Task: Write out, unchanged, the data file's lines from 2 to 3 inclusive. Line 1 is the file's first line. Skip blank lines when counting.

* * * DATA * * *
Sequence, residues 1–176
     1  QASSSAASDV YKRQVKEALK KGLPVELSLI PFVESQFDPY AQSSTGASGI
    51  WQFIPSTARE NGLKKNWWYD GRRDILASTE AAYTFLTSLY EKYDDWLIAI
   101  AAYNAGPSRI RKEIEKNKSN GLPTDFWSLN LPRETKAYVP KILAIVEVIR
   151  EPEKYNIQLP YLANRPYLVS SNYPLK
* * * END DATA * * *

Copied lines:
     1  QASSSAASDV YKRQVKEALK KGLPVELSLI PFVESQFDPY AQSSTGASGI
    51  WQFIPSTARE NGLKKNWWYD GRRDILASTE AAYTFLTSLY EKYDDWLIAI